Adulting 101: What being a ‘pawrent’ has taught me about parenting | #parenting


It is 6am. My husband and I are jolted awake, bleary-eyed, by the sound of wailing outside our bedroom door.

This scenario played out almost every day and we were almost at our wit’s end. Then, in the nick of time, a friend’s brother gifted us the holy grail… An automatic feeder.

The wailing culprit is not a child, though we would argue that she is our kid, or rather, furkid. Her name is Biscuit and she is one of three cats that we adopted within the past two years, each with its own unique personalities and quirks.

We got them shortly after getting married in late-2019. It had always been our dream to have pets because our parents had banned them from our childhood homes, apart from the occasional fish or terrapin turtles.

When we got married and moved into our own home, it was understood that we would be adding pets to our living space. 

When it comes to children, however, we are not so firmly decided.

I am at the age where many of my peers are tying the knot and having kids, and although I’ve done the former, I have never had a strong desire to do the latter.

But I am gradually embracing the idea that if it happens, I’ll be okay with it. And this is partly due to my cats — being a “pawrent” has helped me to visualise what life might be like if I ever do become a mother.

A disclaimer: I’m not saying that pets are just like human children. I know they are very different creatures. I am simply saying that there are certain routines I have had to accustom myself to, which have given me a tiny sneak peek behind the child parenting curtain.

Cats have strict feeding schedules, shed fur everywhere, track cat litter all over the floor and often act up whenever they want. They depend on you for almost all their needs, can cost exorbitant amounts of money and when they are young almost every waking moment is spent taking care of them.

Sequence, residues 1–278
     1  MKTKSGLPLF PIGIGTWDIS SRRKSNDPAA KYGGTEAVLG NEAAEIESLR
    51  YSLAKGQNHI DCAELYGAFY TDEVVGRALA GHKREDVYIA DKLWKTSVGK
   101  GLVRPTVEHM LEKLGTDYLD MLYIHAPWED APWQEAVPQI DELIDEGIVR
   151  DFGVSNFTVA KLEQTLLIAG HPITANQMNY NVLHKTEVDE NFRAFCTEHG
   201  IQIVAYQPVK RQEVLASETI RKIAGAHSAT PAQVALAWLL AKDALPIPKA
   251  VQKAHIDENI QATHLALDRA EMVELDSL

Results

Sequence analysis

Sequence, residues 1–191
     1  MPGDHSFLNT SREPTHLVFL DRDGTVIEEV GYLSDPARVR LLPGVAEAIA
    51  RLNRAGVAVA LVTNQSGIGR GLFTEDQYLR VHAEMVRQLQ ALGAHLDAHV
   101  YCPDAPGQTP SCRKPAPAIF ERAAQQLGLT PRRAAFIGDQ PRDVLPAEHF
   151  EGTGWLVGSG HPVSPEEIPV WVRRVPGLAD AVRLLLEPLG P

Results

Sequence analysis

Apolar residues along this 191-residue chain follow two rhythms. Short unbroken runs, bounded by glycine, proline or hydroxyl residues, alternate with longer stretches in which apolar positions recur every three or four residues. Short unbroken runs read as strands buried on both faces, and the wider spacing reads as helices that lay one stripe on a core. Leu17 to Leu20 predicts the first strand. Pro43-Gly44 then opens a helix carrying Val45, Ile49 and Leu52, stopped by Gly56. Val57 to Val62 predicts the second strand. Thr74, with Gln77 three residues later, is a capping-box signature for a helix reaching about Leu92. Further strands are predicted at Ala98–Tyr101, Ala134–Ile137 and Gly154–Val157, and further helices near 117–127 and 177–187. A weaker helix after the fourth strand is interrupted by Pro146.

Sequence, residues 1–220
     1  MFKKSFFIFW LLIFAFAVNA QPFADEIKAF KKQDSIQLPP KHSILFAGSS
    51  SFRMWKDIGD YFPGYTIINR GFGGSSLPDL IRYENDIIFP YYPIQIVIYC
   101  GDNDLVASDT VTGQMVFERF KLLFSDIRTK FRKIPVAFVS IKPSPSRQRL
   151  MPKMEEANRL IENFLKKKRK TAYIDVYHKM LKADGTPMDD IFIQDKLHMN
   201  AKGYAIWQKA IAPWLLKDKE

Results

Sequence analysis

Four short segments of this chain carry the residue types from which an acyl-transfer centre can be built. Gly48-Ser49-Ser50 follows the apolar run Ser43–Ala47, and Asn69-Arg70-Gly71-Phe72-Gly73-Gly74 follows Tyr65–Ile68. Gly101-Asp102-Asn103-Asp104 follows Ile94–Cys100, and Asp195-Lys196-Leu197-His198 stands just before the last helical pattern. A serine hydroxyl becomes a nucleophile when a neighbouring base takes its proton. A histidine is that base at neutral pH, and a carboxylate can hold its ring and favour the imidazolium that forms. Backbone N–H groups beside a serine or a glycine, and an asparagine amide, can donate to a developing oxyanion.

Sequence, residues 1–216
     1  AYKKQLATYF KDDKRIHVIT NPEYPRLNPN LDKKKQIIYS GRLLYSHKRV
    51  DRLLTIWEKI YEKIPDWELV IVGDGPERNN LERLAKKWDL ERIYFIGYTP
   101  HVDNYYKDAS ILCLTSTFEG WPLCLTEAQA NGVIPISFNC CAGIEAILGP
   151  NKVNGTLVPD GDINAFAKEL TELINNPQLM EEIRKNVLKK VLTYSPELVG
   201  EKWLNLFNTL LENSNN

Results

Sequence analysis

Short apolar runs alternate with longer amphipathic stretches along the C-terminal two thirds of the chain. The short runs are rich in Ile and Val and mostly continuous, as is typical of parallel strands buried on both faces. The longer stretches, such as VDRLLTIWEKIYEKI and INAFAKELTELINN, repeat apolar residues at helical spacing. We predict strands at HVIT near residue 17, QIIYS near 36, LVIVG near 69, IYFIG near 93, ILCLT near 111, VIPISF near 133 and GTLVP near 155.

After two years as a “pawrent”, one of the biggest things I’ve learned is that things will inevitably go wrong and you have to work with your partner or resentment will breed. It is also impossible for everything to be perfect, no matter what it may look like on social media.

See? There are some similarities.

PERSONAL EXPERIENCES

My husband and I adopted Biscuit and another cat, Bluebell, in 2020. We had only ever fed community cats in our parents’ neighbourhoods on and off, so needless to say, it was initially a bit of a shock to have two little lives suddenly be dependent on us.

Both came to us while suffering from feline flu that they had picked up from their fosterer’s home and required a lot of “sayang”, or care, to get them used to their new environment.

Biscuit, only six months old at the time, was extremely mischievous. In fact, she still is now. 

She is extremely food-driven, hence her wailing for kibble in the mornings, and has broken numerous ceramic food bowls from running around the house at high speeds. We call her the young punk of the household.

When we were stuck at home during the Covid-19 circuit breaker period, she would persistently meow or “cry” whenever we were in virtual interviews or meetings. I once covered a High Court hearing over Zoom and could barely hear the judge speaking over her. We had to put her in lockdown in another room.

Nonetheless, they have brought us so much joy. Our mobile phone photo galleries began bursting with photos and videos of them, and whenever we had a stressful day at work, they would inevitably do something to make us laugh.

We adopted a third cat, Bobby, early last year after finding him wandering around near the peak of Mount Faber. We tried for a while to find out if he was abandoned or had run away from home, and finally got in touch with his feeder, who revealed that his microchip has been issued as part of the trap, neuter and release programme.



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